In many sections of this website and in our Guide to Opening a Company in the Philippines we mention one of the most important steps being, "Placing the required paid up capital with a local bank". Whether you are setting up a domestic corporation, partnership, sole proprietorship, branch office, representative office, or a regional headquarters all require you to place capital with a local bank.
But few guides explain how it is done or what are the requirements.
It is a fairly simple process but should be explained thoroughly so that there are no mistakes that can lead to delays.
First step is determining how much capital you are required to place with a local bank.
The Minimum capital the SEC requires to be placed varies from organization to organization.
** Can be reduced to 100,000 USD if the company plans to directly employ over 50 local workers, or utilizes advanced technology. However if you opt for utilizing advanced technology, it must be ok'ed by the Dept. of Science and Technology which could take up to 6 months.
** You may also reduce the capital if your company operates as an export business, the SEC has no clear ruling on the exact capital required for an export business but we recommend at least 15,000 USD.
Now I'm sure the first thing you will notice is the major capital difference required for foreigners owning a business and for locals. Unfortunately this the requirement of corporate code of the Philippines and mandated by law. I believe the idea is that if you are foreign and you want to do business here then there is a requirement to create more liability for them. I don't necessarily agree with it but what can you do.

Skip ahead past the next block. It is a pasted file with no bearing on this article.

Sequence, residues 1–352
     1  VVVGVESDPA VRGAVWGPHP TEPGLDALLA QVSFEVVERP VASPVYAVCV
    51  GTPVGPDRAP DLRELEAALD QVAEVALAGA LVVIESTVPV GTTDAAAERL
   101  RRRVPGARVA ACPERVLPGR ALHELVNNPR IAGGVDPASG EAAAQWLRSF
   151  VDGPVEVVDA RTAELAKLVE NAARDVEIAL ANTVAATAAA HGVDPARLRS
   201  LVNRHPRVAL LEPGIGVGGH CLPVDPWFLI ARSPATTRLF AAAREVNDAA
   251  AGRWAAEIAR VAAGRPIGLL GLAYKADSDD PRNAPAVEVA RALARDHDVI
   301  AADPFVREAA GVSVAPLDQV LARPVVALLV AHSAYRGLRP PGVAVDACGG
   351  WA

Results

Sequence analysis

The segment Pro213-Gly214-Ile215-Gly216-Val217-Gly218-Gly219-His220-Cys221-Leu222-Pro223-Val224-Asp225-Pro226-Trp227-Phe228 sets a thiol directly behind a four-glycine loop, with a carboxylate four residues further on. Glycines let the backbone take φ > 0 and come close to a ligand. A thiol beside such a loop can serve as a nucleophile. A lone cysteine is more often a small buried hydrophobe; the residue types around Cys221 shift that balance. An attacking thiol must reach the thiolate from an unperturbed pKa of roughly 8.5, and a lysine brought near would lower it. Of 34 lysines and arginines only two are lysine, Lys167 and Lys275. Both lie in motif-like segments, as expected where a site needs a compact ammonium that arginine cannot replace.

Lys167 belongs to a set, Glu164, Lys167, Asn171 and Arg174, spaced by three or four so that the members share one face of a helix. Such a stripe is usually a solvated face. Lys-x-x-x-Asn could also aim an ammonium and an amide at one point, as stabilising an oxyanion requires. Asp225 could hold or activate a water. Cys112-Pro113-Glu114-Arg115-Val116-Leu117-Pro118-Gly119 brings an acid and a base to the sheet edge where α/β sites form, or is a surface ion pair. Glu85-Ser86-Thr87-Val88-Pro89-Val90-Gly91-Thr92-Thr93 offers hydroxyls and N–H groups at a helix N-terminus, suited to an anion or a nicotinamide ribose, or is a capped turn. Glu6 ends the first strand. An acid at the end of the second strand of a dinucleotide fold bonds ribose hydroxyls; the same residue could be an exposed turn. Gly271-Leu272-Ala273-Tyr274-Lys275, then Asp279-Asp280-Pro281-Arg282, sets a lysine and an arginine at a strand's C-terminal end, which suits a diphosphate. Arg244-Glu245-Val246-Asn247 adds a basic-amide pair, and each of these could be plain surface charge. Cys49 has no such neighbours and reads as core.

Also I suggest that you just place the minimum requirement, there are of course advantages to valuing a company but the paid up capital directly determines how much you will need to pay the SEC in the Philippines for the registration (1 1/2% of the paid up capital)
So once you have established the amount of capital needed you must go to a local bank and set up a Treasury in Trust Fund or a TITF. The bank will require that you show them the notarized articles of incorporation, partnership papers, sole proprietorship application, or the documents for the other foreign corporations before allowing you to open the account. Very important to include there is the name reservation from SEC for the company you will open as this needs to be the name of the account.
You will also need someone to act as the treasurer and the signatory of the account. This creates a slight catch 22 for a lot of foreign investors as the Central Bank (BSP) requires that you must be resident to be a signatory on any bank account, but to apply for residency as a worker or business owner you must open the account and form the company. This can be solved by allowing a lawyer or company to act as your treasurer (just make sure its someone you trust).
Recently HSBC now allows for foreigners to open non-resident accounts with them, it is the only bank that allows these types of accounts to be setup in the Philippines so foreign companies can keep all of their banking internally.
After the TITF account has been setup the bank will issue you a certificate stating the funds are placed with them. They will also institute a freeze on the account so that you cannot withdraw the funds until you issue a letter to cancel the TITF account or show them the completed registration from the SEC. This is to ensure that the funds remain in the account during the entire registration process.
I hope this article has explained thoroughly the rules and requirements for placing capital in the Philippines.
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